Signs of stress amongst employees are purported to manifest themselves in higher absenteeism; higher labor turnover; higher workers’ compensation claims; lower productivity and/or efficiency; and poor safety records. Miller and Smith (1997) reported that in terms of lost hours due to absenteeism, reduced productivity, and workers’ compensation benefits, stress costs the American industry more than $300 billion annually, or $7,500 per worker per year. Jones (1999, p.118) reported that National Rail Corporation, formed in 1995, had been operating at an annual loses of about $350 million. This was related to stress because tired drivers (too much work and shift work) would press brakes more often than necessary.
Drivers could not judge whether the danger was real or imagined, so they put on the brakes, costing $400 each time. This clearly indicates just how serious problem stress can be. In its magazine 31, SafetyLine reported about the increase in compensation claims in Western Australia. There were 380 cases of work-related stress in 1994/95, a substantial increase over 1993/94 where 205 claims were made. Male workers recorded a rate of 0.27 stress cases per million hours worked, while women recorded a rate of 0.49, almost twice as high as that of men. The average cost per work-related stress claim was $16,289 for men and $17,854 for women, which is well above the cost averages of other types of injury. This can be seen from the following table: WRS Cases Per Million Hours Worked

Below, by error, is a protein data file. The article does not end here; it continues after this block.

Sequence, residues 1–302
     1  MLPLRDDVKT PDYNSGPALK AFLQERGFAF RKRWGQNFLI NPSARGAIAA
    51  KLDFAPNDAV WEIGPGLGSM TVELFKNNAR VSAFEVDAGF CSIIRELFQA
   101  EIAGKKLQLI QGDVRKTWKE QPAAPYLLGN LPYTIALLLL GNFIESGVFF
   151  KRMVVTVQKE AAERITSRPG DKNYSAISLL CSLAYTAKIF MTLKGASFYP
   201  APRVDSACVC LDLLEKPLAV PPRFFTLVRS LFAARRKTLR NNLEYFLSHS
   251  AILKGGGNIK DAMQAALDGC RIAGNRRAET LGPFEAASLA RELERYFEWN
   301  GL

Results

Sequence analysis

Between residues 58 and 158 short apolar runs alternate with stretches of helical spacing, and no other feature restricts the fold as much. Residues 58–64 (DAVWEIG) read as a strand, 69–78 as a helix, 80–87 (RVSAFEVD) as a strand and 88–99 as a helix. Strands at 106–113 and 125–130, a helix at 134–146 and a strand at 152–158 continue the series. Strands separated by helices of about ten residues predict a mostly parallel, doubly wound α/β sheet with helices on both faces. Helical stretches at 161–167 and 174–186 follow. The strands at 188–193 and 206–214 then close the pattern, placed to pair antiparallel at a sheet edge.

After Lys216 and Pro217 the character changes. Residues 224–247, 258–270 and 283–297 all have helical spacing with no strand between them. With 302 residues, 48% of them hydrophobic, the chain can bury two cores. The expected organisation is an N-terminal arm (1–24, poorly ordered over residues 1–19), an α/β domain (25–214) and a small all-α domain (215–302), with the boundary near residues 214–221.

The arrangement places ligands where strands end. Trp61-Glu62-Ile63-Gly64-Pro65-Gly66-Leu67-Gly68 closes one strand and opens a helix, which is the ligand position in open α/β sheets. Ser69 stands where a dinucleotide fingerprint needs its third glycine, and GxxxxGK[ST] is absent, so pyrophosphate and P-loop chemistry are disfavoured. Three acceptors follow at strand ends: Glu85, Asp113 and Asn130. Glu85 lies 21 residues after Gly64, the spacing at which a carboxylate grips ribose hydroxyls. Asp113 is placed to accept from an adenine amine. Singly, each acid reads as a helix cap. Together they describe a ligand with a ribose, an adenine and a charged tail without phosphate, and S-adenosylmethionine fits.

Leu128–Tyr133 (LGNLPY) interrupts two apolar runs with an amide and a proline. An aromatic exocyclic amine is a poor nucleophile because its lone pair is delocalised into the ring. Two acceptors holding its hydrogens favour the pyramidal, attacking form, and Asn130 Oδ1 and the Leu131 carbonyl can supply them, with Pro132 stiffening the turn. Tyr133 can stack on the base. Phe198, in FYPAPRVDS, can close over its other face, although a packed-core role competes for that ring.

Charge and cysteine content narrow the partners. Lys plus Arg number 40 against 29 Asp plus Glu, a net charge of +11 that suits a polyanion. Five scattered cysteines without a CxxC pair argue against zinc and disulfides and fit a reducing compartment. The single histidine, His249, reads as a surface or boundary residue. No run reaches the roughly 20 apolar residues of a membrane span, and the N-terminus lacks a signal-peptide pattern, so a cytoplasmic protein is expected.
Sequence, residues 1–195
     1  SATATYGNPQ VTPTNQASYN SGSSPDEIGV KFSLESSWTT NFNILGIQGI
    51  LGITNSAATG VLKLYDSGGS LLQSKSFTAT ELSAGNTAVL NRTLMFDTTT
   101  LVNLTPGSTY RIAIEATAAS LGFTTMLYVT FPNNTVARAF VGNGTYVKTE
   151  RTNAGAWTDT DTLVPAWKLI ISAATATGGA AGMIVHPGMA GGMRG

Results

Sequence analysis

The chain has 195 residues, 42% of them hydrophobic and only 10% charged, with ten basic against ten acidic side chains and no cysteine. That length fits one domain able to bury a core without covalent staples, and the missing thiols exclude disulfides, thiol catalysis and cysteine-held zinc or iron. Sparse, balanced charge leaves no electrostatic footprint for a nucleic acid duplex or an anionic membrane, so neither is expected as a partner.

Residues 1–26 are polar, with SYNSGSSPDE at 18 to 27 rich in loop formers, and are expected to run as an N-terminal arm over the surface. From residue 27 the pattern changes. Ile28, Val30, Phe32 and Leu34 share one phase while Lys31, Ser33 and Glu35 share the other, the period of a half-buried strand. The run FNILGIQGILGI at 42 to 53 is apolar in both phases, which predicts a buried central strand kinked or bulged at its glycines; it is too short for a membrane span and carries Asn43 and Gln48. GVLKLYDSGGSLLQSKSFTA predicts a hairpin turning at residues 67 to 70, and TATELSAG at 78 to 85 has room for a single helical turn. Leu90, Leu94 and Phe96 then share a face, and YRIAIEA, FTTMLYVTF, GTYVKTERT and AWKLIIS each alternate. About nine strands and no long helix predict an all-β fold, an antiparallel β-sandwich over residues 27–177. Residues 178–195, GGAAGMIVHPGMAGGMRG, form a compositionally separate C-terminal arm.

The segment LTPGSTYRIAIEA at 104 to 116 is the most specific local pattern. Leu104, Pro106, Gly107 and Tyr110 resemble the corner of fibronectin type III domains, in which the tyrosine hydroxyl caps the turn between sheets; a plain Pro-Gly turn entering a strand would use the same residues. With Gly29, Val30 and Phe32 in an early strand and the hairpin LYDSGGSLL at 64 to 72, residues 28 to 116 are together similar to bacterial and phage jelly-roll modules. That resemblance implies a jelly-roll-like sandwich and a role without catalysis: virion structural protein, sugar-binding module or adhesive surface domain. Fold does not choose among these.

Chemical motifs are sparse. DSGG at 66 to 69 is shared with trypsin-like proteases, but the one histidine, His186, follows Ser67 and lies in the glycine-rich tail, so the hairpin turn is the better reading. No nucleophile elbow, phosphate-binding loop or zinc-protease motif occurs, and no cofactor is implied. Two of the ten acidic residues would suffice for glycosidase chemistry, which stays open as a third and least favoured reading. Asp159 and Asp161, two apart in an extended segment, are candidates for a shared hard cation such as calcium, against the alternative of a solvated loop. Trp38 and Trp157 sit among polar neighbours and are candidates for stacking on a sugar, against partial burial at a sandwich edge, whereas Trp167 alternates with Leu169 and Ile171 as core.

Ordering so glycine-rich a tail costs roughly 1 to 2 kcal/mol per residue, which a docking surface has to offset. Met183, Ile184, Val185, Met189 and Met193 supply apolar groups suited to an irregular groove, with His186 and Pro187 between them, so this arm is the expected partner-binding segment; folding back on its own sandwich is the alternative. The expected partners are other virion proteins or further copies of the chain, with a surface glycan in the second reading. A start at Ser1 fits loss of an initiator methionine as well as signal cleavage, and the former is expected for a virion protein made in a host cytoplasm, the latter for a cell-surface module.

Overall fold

WRS Cases – FemaleWRS Cases – MaleWRS Cases – Total
Figure 2.2 Work-Related Stress (WRS) – Western Australia – 1988/89 – 1994/95. Source: SafetyLine, Magazine 31; FREQUENCY RATES. All this leads us to conclude that stress can have great effects on performance and impede efficient operation in the organization. So, stress prevention and the creation of a stress-controlled work environment (optimum level of stress) should be one of the primary issues for the organization. It should be focused on the identification of sources of stress, both work, and non-work environment, and the development of procedures to reduce the effects of these. As a general rule, the actions to reduce job stress should give top priority to organizational change to improve working conditions. NIOSH (1999) recommends a combination of organizational change and stress management as the most useful approach in preventing stress at work.
3. What Can Be Done About Stress? “Start every day with a smile and get it over with.” -W.C. Fields. Organizational strategies. Organizations play an important role in reducing the employees’ stress levels. The following section will deal with strategies that organizations can apply in order to reduce stress and its effects on performance. Some of the strategies recommended by Hawkins (1994) include the introduction of stress awareness and conflict resolution programs (stress management program – training). Stress management training could be used to teach employees about the nature and sources of stress, the effects of stress on health, and personal skills to reduce stress. Two outcomes of stress management training could be better time management or relaxation training.